Don’t know where to start in creating a sexual-harassment policy? There are plenty of resources available. Our experts share some here along with advice on crafting an effective policy.
“In nearly every circumstance, team members and managers are ‘at will’ employees, meaning they can be subject to termination for any misconduct, especially allegations of sexual harassment. While not binding, an employment manual should state a zero-tolerance policy on sexual misconduct. I encourage owners to speak with local attorneys to help them craft a policy and procedure for investigating sexual harassment claims. But the first thing the employer should do is place the alleged abuser on administrative leave, and swiftly interview all potential witnesses. Please check your local and state guidelines on implementing effective investigation steps.”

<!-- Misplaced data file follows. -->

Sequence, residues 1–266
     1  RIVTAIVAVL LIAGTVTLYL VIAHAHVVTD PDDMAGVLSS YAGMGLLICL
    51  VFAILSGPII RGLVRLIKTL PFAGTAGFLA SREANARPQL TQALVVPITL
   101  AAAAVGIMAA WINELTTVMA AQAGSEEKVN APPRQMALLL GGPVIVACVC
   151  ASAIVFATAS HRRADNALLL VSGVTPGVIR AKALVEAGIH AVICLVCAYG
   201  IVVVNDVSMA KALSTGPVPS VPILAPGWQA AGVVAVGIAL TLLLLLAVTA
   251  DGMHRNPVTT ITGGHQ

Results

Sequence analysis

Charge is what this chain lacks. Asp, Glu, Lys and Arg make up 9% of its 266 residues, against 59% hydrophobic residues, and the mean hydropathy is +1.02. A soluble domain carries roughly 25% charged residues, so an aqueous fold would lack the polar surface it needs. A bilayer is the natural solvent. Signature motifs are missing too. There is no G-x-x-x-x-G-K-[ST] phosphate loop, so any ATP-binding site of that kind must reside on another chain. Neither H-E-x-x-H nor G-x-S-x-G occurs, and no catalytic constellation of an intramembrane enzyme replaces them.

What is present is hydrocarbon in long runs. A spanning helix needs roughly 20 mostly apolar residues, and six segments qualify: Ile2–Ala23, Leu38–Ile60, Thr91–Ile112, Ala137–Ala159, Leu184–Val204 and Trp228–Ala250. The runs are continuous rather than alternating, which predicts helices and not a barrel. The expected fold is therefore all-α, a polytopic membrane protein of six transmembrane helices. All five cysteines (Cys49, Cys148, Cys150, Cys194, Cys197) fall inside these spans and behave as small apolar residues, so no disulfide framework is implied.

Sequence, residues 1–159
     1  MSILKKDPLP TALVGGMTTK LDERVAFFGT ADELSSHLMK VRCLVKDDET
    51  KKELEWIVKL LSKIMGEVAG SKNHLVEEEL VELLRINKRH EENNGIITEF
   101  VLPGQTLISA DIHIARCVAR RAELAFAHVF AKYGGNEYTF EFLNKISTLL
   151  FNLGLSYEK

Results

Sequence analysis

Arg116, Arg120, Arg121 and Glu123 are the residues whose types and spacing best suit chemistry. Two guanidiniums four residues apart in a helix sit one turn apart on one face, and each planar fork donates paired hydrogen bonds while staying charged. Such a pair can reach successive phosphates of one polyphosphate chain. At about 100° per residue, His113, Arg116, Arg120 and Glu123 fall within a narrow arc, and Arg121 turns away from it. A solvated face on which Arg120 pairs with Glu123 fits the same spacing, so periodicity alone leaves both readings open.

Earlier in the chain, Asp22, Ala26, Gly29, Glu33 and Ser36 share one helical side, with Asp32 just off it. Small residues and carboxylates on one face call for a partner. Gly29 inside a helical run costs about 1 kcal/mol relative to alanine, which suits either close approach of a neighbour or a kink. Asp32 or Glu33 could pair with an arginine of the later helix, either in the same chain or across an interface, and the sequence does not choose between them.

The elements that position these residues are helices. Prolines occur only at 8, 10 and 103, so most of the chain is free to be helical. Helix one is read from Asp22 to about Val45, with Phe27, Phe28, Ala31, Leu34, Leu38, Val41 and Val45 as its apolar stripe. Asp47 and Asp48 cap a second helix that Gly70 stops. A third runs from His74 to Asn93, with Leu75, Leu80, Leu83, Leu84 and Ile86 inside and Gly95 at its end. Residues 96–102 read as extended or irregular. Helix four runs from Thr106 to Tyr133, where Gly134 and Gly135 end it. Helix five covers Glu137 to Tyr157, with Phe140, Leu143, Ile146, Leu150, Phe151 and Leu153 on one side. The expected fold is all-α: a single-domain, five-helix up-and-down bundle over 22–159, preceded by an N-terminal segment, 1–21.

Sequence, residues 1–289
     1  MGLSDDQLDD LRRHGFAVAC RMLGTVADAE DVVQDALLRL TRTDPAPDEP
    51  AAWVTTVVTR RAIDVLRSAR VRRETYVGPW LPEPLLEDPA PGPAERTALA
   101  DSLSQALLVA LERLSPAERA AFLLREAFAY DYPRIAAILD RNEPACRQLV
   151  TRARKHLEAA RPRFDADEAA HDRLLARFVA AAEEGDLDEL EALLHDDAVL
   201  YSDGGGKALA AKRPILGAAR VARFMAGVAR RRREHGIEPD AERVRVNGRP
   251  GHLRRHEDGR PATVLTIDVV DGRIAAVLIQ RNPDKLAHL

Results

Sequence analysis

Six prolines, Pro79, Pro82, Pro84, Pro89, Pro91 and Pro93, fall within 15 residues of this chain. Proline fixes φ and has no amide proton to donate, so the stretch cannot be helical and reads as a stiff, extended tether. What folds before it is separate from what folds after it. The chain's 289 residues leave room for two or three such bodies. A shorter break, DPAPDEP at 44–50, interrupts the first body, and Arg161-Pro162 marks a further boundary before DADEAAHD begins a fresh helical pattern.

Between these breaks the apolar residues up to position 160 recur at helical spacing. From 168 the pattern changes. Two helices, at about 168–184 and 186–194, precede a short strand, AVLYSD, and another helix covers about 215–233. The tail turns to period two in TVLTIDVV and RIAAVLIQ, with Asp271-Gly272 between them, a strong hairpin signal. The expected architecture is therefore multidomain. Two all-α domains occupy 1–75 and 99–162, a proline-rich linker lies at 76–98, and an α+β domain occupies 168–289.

—Nicole M. Cober, Esq., principal managing partner, Cober Johnson & Romney
“ISPA publishes guidelines for guest Rights and Responsibilities, and it is a great place to start as an outline for your staff. As a manager, it’s important to remember that it is the perception of the victim that needs to be considered, whether that is the staff member or the guest. If a guest reports to you an incident from one of your staff members, listening and documenting is imperative. Write down exactly what the guest says. Let them know you will follow through, and tell the guest what the course of action will be. And most importantly, get back to the guest with a resolution of how the incident was handled.”
—Michael Tompkins, executive recruiter, Hutchinson Consulting